Here in Oklahoma, termites are an all too common pest. These pests are known for damaging structures and initiating havoc. Any home owner will tell you that these pests are some of the most feared around. But how would you know if you had them? You would have to start by knowing what termites look like. Termites alates are darker in color, usually dark brown, about 1/4” to 1/2” in length with straight antenna. Their bodies are straight with 2 pair of equal length wings.
Termites differ in their looks based on their function. Alates, or reproductives, are the only ones with wings. They can often be confused with ant alates. Ants have different length wings, and their bodies have waists, or narrow sections, between body segments. Workers and soldiers are a light yellow in color with straight antenna. Soldiers have much larger heads with large mandibles used for fighting off attacking predators.
SIGNS OF TERMITE INFESTATION
There are many signs of a termite infestation. Often, people will find a winged termite in their home, or dead on a window sill. They may also see the detached wings on the same window sill. This can be an indicator, but it is not definitive. It is entirely possible that a termite reproductive just happen to make its way through an open door or window. If there is a termite colony infesting the structure, you can be certain that the colony has been there for a while. Termite colonies usually are four to five years old before they start producing alates.
Another indicator of termite infestation are mud tubes. Subterranean termites, which are the ones we find here in Oklahoma, will build these tubes to climb up structures in search of wood to consume. These tubes are a tell tail sign that you have an infestation. Sinking drywall can also be a clue. Termites will eat the paper off of gypsum board causing this kind of damage. Small holes in wood can be created by termites to remove waste. These are called frass holes. Pin holes are caused when a termite accidentally breaks through the surface of wood or drywall and then repair it will small amounts of mud. All of these can be signs of infestation. If you are seeing any of these, it is time to call an exterminator for an inspection.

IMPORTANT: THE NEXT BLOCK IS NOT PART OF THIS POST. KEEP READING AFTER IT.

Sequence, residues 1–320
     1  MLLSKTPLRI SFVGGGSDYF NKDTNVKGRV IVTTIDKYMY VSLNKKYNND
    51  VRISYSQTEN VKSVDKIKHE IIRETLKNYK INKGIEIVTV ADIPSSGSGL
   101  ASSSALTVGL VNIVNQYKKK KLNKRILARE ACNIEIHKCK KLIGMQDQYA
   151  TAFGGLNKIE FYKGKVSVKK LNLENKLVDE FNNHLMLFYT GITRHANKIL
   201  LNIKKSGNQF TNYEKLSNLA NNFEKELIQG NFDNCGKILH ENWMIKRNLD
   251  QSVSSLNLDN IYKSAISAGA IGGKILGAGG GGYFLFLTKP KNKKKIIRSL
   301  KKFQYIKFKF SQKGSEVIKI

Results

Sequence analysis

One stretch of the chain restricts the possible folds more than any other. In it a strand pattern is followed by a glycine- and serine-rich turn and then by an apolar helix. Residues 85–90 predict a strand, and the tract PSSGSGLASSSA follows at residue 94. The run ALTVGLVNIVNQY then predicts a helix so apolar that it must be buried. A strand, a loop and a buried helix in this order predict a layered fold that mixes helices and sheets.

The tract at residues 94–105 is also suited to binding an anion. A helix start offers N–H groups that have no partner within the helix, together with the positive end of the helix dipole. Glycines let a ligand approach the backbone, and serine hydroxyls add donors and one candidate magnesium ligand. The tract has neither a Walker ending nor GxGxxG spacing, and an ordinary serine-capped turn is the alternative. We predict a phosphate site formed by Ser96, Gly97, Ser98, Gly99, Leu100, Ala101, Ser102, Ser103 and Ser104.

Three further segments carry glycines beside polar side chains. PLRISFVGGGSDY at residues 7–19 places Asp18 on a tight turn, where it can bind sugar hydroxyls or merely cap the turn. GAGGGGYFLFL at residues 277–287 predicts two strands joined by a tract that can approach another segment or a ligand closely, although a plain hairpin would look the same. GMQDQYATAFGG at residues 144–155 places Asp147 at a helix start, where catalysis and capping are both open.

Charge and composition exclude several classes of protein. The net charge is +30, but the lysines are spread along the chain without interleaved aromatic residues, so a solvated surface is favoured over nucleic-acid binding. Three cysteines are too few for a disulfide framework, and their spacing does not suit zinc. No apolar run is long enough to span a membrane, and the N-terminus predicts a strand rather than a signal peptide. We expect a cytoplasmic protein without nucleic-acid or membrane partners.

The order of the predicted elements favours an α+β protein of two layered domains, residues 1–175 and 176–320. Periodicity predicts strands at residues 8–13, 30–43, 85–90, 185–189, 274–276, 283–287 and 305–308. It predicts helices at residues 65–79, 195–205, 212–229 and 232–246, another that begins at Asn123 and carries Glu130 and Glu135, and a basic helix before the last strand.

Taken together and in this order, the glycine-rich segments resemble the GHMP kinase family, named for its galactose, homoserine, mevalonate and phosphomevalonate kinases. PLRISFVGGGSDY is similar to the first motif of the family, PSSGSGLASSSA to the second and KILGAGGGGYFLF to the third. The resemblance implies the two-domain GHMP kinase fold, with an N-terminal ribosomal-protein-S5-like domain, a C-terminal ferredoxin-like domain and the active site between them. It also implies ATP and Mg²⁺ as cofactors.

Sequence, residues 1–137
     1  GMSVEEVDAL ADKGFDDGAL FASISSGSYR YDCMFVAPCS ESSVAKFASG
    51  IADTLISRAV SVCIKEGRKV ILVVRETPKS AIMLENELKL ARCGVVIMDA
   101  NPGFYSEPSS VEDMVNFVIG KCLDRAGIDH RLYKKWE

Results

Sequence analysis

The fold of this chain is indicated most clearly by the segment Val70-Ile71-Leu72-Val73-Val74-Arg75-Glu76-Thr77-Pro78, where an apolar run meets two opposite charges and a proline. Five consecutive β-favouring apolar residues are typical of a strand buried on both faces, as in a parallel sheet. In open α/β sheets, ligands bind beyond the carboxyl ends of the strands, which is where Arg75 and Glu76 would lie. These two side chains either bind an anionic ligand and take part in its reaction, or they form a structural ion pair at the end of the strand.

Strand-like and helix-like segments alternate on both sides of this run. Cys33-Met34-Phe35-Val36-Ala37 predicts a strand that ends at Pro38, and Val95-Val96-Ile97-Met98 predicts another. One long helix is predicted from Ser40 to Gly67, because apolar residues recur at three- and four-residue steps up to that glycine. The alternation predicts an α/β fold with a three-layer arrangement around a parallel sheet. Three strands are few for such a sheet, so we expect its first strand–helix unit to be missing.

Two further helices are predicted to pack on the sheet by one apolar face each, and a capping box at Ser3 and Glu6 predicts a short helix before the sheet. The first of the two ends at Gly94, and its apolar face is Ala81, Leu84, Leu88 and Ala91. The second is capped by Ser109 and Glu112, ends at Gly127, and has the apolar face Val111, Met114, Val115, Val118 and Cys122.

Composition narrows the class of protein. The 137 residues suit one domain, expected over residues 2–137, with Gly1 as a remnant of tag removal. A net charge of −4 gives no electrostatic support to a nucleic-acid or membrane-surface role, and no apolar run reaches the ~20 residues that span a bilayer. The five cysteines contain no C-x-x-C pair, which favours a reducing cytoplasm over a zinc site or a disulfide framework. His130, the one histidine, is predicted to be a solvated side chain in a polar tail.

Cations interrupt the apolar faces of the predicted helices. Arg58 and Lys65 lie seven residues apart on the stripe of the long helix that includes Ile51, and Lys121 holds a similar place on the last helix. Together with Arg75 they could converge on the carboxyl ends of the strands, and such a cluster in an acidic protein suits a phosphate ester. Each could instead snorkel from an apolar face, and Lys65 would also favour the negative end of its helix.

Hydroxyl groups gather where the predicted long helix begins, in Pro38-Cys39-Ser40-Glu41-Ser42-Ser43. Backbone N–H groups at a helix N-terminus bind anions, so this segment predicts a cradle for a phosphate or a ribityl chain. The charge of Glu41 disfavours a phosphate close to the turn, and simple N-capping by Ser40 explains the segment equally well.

It can be helpful to understand the lifecycle of the termite in order to understand what termites look like. The life of termites starts with the queen. She lays all the eggs, up to thousands a year and can live up to 25 years. After an egg is laid, workers will tend to it or the two weeks required for incubation. When the egg hatches, a nymph will emerge. A nymph looks much like the adult version of the insect, but is much smaller and undeveloped. The workers will continue to feed it regurgitated food for two more weeks, until it molts and starts becoming a productive termite.
Its at this point that the termite will start to conform to which ever caste it belongs to. The reproductive will develop sexual organs, wings and functioning eyes. They will become darker in color and the body will lengthen. These termites will either become swarmers, creating a new colony elsewhere, or they will be available if the queen dies. Worker termites have no functioning eyes, are lighter in color, and are sterile. They do the work of foraging for wood and caring for the young. These are the termites that do the damage to homes and businesses. Finally, the soldier termite will develop a much larger head, complete with large mandibles. These termites will protect the colony if ants or other predators attack. They use their mandibles to crush and glands on their bodies to excrete chemicals designed to thwart attackers.
WHERE TERMITES LIVE